Chemist and teacher Saul G. Cohen played a key role in the early development of Brandeis University and remained an important part of the school for over thirty years. Cohen was born in Boston on May 10, 1916. He attended Harvard University, where he earned his AB summa cum laude in 1937, his MA in 1938, and his PhD in 1940.
Cohen remained an academic for the next few years, working at Harvard as both a research fellow (1939-1940, 1941-1943) and visiting instructor (1940-1941). After leaving Harvard in 1943, Cohen lectured for one year at UCLA as a National Research Fellow. After failing to find a university faculty position, Cohen began working as a research chemist outside academia, first at Pittsburgh Plate Glass Company from 1944 to 1955, and then at Polaroid from 1945 to 1950.
Still wanting to teach, Cohen left a lucrative position at Polaroid in 1950 to take a job at the fledgling Brandeis University. He immediately became a central figure at Brandeis, both as a professor and an administrator. Cohen was the first chair of the School of Science, a post he held from 1950 to 1955. That year, he became the University’s first dean of faculty, serving until 1959.
Cohen was promoted to Professor in 1952, University Professor in 1974, and named Professor Emeritus upon his retirement in 1986. He twice chaired the Department of Chemistry, 1955-1966 and 1968-1972. All the while he supervised numerous pre- and post-doctoral students in a laboratory that published well over 100 scholarly articles and reviews on topics such as photochemistry, reaction mechanisms, and free radicals in journals such as the Journal of the American Chemical Society.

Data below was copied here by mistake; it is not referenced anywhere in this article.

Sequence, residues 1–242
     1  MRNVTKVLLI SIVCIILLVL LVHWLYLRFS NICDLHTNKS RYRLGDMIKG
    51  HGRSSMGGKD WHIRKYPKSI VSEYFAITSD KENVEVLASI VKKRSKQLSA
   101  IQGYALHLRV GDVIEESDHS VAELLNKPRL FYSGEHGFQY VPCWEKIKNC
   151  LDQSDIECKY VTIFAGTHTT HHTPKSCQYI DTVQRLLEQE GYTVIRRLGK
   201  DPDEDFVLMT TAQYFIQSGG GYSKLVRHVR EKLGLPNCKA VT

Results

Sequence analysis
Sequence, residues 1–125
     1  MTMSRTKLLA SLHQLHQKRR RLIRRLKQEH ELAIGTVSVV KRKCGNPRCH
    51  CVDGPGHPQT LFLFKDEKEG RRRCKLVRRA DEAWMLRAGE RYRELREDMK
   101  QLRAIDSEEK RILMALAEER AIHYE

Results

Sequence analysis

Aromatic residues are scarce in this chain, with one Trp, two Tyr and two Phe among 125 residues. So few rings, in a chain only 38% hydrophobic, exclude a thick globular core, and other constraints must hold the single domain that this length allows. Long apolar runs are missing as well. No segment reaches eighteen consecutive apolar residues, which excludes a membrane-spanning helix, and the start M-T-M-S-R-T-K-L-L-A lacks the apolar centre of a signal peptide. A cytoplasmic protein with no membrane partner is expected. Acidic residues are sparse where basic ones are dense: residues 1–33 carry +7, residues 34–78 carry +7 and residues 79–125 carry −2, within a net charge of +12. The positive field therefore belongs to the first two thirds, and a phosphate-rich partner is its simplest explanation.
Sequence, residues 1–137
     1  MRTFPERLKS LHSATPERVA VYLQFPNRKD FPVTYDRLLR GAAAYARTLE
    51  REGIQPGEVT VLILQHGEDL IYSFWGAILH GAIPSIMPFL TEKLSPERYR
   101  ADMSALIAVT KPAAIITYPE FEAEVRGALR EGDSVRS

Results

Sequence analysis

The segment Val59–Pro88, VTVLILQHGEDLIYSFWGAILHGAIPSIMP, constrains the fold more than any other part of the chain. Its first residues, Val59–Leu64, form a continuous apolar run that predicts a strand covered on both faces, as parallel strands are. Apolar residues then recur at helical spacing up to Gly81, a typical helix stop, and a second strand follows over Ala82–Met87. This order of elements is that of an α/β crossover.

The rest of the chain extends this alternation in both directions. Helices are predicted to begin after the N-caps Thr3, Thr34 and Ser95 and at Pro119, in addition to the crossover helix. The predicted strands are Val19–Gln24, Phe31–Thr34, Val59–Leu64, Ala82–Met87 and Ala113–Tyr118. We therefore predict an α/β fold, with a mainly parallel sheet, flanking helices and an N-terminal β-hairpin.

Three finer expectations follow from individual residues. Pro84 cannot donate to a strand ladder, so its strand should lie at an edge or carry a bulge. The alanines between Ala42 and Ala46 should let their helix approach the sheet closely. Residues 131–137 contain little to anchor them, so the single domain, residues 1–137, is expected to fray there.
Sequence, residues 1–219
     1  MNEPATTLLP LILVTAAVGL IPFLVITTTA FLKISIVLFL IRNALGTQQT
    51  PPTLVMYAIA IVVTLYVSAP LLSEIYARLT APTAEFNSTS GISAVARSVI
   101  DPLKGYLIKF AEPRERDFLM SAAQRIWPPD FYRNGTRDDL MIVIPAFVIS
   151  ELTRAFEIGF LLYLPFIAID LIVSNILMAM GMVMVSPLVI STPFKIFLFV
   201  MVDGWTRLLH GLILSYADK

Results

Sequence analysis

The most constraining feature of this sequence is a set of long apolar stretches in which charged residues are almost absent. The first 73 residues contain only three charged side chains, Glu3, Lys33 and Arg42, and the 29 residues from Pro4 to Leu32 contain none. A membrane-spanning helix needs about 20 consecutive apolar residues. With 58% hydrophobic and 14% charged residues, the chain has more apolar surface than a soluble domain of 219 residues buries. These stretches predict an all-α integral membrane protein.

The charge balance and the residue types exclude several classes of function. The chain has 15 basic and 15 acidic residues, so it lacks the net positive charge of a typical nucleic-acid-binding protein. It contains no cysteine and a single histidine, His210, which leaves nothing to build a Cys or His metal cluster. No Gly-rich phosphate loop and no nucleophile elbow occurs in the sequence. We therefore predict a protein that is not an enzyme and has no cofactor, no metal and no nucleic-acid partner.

Cohen also worked outside of Brandeis, especially at his alma mater. He was a visiting professor at Harvard Medical School in 1965, worked on the Board of Overseers from 1983 to 1989, and served on the Joint Committee of Appointments from 1984-1989. Cohen also taught as visiting professor at Hebrew University in Jerusalem in 1972.
Cohen was awarded numerous fellowships and awards during his academic career; he was a Fulbright Senior Scholar (1958-1959), a Guggenheim Fellow (1958-1959), and a fellow of the American Academy of Arts and Sciences. Cohen won the American Chemical Society’s James F. Norris Award in 1972 and the Centennial Medal of the Harvard Graduate School of Arts and Sciences in 1992. Cohen also received patents in polymers, hydroxylamines as photographic developers, heterocyclic silver solvents, dye developers, and diagnostic assays.
Cohen died April 24, 2010 at the age of 93.